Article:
Emotionally Dissociated / Lived Experience/Memoir

Grief

I began to feel years ago, as though I had been born into my mother’s grief. This emotion, which I struggle with daily, both in my dreams and in my waking hours, is a well of immeasurable depth inside of me. I often feel walled in by my own grief, simultaneously overwhelmed in hers. I struggle with a profound sense of isolation, while at the same time, recognizing that the act of immersing myself in that well–the place that puts a barrier between myself and other people–is the only time I feel safe enough to express that emotion.

One of the things I do to immerse myself is listen to music that speaks to all the reasons I grieve. Not all music taps into this part of me. I often feel unable to engage with music that fails to engage my grief. This is ultimately why I am drawn towards subversive artists, as many express parts of themselves that the rest of society rejects.  Their lyrics speak to my experiences; both during the events for which I grieve, and during my attempts to grieve in a world that rejects my attempts to have depth beyond customary superficial mannerisms. The depth, complexity, and layers of the music accompanying those lyrics allows me to experience an abstract sense of grief I have yet to put into words–such as, until writing this journal entry, feeling the weight of my mother’s grief (unjustly) piled on top of what already (justifiably) haunts me. Or feeling the urge to reject her burden, while becoming conscious of how much strength it ultimately requires of me to accomplish the task, all while fully realizing how I am biologically connected to it for as long as I live.

I also watch films that engage with these emotions. Watching a particularly evocative depiction of a fictitious person’s emotions as they move through various experiences that parallel my own (literally or metaphorically), helps me to let off powerful bursts of repressed grief. Depictions of gratuitous violence and emotionally erratic or irrational characters often serve little to no purpose to me, because I don’t enjoy watching films whose sole purpose is to make me stop thinking. When something in a film or television program fails to keep my interest, I simply walk away and rapidly lose track of the meaning and purpose of what I walk back to a few minutes later. There is a sense in which this is a metaphor for when I am emotionally dissociative. I’m not conscious of my emotions slipping away when I dissociate; and so I’m unaware of what emotions I ought to be feeling as I go through the motions of my other relationships, without the ability to empathize or emotionally engage with other people. By the time the emotions return, we’ve frequently grown apart, the context of our relationship has changed, and I can’t makes sense of the damage because I wasn’t present enough to follow it. I need to think like I need to be emotionally present.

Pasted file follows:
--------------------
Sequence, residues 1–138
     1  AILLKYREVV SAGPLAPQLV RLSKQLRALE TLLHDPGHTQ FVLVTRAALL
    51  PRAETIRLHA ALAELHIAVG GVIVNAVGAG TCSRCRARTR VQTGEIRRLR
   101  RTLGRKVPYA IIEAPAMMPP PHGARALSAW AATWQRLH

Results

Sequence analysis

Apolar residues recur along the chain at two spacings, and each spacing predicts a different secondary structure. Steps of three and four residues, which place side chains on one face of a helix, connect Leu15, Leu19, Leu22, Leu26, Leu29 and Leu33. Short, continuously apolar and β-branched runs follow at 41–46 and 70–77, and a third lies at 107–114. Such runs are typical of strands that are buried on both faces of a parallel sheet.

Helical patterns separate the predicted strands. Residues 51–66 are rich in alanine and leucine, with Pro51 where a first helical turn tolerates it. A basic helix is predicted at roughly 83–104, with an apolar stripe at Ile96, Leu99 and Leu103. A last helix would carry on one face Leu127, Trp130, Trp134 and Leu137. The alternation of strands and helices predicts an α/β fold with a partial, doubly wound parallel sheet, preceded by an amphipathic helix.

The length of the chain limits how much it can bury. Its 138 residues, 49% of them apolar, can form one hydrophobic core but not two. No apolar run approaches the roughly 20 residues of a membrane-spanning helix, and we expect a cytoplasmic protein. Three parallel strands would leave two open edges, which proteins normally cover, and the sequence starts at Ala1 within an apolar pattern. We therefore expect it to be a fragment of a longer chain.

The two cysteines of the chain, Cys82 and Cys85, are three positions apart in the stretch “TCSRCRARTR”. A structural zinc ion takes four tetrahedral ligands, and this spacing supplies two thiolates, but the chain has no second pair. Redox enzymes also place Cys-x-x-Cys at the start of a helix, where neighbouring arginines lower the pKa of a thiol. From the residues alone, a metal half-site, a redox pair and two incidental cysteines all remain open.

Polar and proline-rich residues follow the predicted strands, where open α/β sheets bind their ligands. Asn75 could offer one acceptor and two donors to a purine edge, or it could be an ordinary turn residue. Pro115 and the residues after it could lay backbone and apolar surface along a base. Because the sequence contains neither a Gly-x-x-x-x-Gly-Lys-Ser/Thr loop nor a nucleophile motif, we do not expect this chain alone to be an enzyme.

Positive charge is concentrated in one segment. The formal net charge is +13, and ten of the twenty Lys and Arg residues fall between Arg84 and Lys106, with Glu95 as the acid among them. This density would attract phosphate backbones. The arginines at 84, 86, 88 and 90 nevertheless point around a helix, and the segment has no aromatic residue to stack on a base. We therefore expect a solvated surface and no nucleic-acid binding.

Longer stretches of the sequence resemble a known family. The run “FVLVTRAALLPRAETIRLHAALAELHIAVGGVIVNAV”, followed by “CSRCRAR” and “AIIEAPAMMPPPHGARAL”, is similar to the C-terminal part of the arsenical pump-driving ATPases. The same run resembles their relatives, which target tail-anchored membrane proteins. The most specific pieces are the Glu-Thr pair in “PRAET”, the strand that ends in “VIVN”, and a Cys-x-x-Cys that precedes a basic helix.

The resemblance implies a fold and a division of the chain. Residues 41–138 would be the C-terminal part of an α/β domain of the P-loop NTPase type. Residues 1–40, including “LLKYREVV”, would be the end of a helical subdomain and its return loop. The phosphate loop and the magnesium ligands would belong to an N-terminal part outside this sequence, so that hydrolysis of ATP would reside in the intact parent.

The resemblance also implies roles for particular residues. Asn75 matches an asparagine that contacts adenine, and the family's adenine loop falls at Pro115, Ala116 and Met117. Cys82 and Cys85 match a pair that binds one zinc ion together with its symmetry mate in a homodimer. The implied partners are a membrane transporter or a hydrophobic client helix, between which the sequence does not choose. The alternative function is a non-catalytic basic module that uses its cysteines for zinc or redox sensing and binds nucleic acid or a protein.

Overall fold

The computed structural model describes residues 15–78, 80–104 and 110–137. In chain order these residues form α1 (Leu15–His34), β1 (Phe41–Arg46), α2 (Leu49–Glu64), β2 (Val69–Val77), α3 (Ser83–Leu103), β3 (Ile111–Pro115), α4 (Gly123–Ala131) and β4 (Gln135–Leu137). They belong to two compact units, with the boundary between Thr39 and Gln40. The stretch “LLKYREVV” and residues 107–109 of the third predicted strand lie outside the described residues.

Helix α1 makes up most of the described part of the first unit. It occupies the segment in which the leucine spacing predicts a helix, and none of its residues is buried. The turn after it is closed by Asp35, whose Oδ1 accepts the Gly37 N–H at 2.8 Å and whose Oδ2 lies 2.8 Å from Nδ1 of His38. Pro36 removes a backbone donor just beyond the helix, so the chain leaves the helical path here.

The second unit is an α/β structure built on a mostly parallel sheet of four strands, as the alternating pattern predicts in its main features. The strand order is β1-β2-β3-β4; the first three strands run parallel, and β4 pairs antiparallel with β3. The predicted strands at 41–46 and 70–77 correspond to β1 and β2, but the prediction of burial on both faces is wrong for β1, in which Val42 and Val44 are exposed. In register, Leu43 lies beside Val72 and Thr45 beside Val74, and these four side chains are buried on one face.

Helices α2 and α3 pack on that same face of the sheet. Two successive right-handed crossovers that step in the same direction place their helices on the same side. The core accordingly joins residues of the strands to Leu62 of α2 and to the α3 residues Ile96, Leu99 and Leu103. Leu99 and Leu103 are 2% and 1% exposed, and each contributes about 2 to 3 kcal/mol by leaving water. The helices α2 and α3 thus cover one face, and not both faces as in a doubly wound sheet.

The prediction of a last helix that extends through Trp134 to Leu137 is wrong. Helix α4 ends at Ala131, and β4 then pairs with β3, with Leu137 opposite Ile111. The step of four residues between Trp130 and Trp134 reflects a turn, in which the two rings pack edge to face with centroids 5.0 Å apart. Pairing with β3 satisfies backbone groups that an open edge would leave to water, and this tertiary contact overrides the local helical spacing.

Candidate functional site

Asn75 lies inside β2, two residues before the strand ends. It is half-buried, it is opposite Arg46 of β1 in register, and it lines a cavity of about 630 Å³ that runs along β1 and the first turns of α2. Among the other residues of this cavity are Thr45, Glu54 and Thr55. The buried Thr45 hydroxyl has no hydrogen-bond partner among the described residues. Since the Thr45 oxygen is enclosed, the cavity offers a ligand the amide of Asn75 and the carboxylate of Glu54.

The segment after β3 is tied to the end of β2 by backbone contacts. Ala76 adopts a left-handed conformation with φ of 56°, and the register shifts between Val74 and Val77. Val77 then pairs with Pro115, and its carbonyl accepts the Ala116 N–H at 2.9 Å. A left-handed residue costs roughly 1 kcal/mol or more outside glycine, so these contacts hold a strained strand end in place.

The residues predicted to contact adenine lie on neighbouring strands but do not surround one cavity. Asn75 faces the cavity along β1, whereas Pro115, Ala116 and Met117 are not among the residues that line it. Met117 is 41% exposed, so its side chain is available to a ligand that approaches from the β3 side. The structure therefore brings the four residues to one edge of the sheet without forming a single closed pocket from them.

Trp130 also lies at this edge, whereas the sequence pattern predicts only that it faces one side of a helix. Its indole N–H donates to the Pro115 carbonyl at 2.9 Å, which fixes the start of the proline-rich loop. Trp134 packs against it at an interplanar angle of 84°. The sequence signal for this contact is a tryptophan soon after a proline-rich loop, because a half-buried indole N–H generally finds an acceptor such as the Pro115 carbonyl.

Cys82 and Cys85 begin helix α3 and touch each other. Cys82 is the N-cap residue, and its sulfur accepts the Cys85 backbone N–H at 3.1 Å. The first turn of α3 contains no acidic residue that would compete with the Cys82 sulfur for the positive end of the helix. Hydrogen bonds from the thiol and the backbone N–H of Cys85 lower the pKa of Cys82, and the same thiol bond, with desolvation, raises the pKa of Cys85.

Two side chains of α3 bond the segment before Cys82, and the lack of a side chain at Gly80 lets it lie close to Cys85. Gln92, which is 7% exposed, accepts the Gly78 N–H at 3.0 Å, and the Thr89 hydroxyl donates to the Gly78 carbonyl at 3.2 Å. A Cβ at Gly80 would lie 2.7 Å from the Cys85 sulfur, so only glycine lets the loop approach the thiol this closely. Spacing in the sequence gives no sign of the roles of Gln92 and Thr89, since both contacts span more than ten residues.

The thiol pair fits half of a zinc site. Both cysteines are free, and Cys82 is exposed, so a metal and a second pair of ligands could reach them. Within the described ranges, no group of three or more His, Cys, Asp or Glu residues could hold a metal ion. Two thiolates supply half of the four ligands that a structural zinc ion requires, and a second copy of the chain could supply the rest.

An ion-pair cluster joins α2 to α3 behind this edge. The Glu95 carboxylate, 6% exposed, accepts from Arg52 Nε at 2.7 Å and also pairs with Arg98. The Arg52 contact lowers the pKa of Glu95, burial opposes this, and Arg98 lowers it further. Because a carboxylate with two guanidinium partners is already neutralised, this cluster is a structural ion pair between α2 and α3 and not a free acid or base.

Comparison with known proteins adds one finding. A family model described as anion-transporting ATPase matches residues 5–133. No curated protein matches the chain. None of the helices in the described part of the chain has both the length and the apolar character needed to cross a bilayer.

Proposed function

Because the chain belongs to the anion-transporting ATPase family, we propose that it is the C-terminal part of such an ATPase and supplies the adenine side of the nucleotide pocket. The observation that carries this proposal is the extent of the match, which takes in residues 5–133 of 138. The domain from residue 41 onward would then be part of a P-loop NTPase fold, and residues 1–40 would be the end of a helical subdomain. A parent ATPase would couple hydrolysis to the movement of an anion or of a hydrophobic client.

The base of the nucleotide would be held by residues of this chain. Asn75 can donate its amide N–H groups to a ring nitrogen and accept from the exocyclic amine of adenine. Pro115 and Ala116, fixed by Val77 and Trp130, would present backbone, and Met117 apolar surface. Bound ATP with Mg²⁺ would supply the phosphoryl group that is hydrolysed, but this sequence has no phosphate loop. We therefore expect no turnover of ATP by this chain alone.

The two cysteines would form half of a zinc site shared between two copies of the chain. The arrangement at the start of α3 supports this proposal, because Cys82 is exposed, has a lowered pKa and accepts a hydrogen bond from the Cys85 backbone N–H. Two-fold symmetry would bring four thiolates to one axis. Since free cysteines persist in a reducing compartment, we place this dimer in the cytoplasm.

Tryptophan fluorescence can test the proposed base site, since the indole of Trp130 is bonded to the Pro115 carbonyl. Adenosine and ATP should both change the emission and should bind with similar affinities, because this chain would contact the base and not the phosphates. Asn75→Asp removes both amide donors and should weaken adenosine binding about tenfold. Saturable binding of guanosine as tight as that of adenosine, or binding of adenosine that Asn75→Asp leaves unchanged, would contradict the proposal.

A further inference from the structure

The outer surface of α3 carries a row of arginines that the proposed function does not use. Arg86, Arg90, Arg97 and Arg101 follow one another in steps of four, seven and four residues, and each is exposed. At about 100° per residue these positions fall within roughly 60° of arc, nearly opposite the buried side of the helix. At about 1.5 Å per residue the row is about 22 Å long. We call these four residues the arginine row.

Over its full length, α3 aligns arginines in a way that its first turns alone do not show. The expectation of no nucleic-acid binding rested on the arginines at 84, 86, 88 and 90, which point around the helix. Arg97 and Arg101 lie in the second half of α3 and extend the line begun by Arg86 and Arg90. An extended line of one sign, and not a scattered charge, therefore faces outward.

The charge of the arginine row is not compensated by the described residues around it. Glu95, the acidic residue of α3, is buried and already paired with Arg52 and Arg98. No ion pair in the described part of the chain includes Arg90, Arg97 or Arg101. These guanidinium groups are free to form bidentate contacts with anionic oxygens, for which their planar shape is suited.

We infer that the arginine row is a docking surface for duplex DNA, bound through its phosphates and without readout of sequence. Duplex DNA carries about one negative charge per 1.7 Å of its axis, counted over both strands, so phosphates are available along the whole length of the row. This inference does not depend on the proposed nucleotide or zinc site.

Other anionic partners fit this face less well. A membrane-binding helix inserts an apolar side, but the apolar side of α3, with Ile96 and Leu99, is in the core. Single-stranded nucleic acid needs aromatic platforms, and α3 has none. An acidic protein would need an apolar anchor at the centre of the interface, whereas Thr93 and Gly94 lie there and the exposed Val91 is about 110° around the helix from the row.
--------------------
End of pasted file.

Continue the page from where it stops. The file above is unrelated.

This brings me to another very important pillar of how I deal with grief: physical pain. I alluded to the biological ties I have to my mother’s grief above, and now is the moment to revisit that. By far, the most physically excruciating body modification I have endured to date, is a tattoo of 17 skulls arranged in a tower. The skulls originate at my false ribs and increase in both size and detail, all the way down to the lateral aspect of my upper thigh. They are integrated into the tattoo that spans over my entire back, and tree roots wind into and through them. It is the story of my mother’s unspoken grief, as well as my father’s. It is the story of my ethnic roots, my history, and my dying lineage. There is one skull for each childless relative of my maternal family. Each skull simultaneously represents an aunt, uncle, or cousin of my paternal family, who lives on the other side of a schism–having made the same decision that I have, to estrange myself from a family that would be the death of me.